Creature has developed an advertising campaign for the City of London Corporation which place pressure on financial and professional services to pay the London Living Wage. The campaign apes the visual language of the stock market, with negative statements in red and positive in green as though rising and falling in value.
“Sometimes you have to speak someone’s language to make them understand,” Creature’s chief creative officer Stu Outhwaite-Noel tells It’s Nice That. “We decided to talk business to businesses, using visual cues from the stock market aesthetic and emotional messaging infused with business speak to get every business in the City to invest in what truly matters to their companies: their people.”
Posters featuring the campaign, which has been backed by the Living Wage Foundation, have been installed at nine tube stations, including Liverpool Street, Euston and Victoria. The campaign has also been launched with social media assets and through newspaper advertising.
Creature has long been a champion of the London Living Wage (currently £10.55 an hour) and last March launched the Real Living Wage Pledge with Wieden + Kennedy. The pledge asked creative agencies to commit to paying staff a living wage, whether they were permanent, freelance, full-time, on work experience, including cleaners, creatives and runners. So far 44 agencies have signed up to the pledge. Its success prompted the City of London Corporation to get in touch with Creature to “help them do for the City what [Creature had] done for AdLand”, says Stu.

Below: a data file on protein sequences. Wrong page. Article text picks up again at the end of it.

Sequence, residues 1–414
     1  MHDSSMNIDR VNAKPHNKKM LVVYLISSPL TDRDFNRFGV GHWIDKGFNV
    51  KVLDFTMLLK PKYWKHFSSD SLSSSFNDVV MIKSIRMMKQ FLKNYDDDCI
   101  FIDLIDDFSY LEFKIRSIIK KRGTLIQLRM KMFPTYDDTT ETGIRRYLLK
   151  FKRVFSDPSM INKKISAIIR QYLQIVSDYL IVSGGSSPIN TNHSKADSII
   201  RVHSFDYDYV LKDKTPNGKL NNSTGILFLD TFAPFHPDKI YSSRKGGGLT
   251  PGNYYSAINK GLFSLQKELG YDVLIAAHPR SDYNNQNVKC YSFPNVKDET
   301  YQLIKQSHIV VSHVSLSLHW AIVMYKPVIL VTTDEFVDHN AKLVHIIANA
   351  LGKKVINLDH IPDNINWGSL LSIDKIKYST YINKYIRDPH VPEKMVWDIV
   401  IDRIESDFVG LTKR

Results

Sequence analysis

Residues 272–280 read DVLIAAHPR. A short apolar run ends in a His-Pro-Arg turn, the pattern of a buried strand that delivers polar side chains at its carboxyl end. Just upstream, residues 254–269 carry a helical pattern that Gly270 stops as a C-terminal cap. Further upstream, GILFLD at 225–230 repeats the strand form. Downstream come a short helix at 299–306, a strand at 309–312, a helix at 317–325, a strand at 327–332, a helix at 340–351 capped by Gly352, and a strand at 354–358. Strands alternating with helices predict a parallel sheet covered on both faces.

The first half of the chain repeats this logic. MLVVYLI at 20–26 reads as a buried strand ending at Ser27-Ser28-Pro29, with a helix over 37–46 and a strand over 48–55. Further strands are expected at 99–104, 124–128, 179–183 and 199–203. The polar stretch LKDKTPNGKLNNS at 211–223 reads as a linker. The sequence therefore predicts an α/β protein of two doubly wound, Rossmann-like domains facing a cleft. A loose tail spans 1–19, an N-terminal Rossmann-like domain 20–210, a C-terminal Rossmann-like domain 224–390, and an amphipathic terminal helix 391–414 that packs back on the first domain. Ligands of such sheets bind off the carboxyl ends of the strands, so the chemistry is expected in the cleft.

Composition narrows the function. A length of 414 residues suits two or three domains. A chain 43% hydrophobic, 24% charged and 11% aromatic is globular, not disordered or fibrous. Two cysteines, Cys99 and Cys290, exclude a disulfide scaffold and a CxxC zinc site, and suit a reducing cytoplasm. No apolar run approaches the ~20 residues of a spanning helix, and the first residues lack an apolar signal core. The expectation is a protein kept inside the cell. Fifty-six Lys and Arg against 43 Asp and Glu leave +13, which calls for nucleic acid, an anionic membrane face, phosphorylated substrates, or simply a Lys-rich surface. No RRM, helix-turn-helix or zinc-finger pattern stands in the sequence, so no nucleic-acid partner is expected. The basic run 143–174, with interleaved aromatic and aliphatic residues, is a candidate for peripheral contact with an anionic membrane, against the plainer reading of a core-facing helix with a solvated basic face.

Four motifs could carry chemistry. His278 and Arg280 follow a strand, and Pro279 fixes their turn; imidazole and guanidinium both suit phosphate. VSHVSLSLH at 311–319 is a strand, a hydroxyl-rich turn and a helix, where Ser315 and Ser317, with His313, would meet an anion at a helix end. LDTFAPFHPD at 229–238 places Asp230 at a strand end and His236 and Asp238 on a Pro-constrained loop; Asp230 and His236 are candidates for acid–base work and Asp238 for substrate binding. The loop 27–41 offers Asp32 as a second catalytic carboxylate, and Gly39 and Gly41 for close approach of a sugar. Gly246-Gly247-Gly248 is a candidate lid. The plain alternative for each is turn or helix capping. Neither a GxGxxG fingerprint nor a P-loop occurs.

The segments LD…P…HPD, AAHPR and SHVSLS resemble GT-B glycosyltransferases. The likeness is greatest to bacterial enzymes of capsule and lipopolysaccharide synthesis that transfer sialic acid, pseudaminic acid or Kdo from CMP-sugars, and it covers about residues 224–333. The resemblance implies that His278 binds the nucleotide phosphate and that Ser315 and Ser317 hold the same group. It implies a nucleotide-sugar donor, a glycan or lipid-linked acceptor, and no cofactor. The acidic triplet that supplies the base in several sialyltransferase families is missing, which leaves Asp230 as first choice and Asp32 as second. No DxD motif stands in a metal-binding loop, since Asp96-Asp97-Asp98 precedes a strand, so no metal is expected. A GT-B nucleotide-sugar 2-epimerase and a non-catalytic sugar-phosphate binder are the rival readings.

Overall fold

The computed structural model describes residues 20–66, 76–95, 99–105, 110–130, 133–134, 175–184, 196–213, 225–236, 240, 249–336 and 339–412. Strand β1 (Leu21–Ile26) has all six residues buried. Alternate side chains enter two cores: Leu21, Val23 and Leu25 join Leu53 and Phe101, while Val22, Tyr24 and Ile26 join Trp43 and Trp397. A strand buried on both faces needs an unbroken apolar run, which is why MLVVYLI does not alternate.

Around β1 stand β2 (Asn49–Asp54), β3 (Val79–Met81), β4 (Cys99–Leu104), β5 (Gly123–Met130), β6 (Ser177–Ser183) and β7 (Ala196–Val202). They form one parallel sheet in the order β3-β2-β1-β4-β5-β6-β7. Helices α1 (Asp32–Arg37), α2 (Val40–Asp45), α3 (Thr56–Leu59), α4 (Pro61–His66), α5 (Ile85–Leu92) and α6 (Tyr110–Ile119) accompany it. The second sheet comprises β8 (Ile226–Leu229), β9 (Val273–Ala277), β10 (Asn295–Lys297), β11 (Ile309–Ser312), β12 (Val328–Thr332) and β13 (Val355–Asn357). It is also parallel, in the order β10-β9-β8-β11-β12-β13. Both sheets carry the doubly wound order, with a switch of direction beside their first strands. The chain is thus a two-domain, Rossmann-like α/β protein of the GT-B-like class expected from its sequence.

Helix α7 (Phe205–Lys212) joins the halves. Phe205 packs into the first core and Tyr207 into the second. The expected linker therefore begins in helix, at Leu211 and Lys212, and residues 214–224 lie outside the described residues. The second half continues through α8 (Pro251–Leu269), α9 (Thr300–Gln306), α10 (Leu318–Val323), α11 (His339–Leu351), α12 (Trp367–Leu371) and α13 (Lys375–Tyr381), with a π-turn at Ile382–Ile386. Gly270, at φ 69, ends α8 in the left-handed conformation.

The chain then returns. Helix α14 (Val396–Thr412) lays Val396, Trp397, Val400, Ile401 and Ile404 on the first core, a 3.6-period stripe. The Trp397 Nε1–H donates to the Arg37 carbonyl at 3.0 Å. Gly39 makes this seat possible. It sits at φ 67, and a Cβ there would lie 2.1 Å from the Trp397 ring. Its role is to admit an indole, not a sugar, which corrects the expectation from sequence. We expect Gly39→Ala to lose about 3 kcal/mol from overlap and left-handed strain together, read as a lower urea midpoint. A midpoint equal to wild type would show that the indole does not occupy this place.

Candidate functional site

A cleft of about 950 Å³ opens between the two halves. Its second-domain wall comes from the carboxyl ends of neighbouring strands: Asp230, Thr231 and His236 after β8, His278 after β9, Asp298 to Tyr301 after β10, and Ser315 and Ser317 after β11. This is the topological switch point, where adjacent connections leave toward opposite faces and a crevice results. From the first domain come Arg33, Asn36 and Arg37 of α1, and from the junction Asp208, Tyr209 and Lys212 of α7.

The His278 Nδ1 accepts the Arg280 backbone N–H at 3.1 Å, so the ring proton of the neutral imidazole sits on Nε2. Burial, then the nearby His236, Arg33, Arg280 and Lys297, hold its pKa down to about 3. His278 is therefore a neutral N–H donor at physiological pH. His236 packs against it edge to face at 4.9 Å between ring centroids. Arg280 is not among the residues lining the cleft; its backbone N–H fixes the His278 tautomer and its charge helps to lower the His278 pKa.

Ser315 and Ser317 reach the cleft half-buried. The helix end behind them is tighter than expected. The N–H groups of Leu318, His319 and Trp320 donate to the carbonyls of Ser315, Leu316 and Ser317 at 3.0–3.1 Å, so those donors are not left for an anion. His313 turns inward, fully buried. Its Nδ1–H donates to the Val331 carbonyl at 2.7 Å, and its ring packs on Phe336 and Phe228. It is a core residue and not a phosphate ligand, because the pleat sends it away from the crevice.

“The Living Wage is really just a fair rate for a hard day’s work – it affords people the opportunity to provide for their families and themselves, giving them a dignified life,” adds Stu. “People are at the heart of the City, they keep it running, day in and day out, so they should be fairly compensated for that.” Staff that earn the Living Wage have a greater chance of fulfilling their potential within a single job, of accessing further education and training in their spare time, and consequently have the ability to achieve upward mobility, he adds. “If that’s not enough of a reason, there are also commercial and societal benefits for paying the London Living Wage: accredited businesses report improved staff retention, productivity and reputation.”
- Photographer Anne-Sophie Guillet’s stunning portraits challenge gender binaries
- For Jan Horcik, type design and graphic design cannot work without one another
- “Like a little factory making picture books”: The wondrous work of Marie Neurath
- What’s the purpose of prison? This series captures a horse rehabilitation programme in Arizona
- Tina Schwizgebel-Wang’s etchings are filled with detailed scenes of everyday life
- “I want to show that the world is actually very simple”: meet artist Hisami Tanaka
- New study claims to pinpoint the most creative time of day, down to the minute
- Singapore-based studio Swell explores the idea of the banished book
- "My little niece and my grandmother like the game equally": how Playables made the simply addictive Kids
- In being "open to possibilities" still life painter Duane Keiser paints the everyday joys of life
- What the cluck? KFC releases limited-edition bucket hat
- For Bizzarri-Rodriguez, book design “is everything except a science”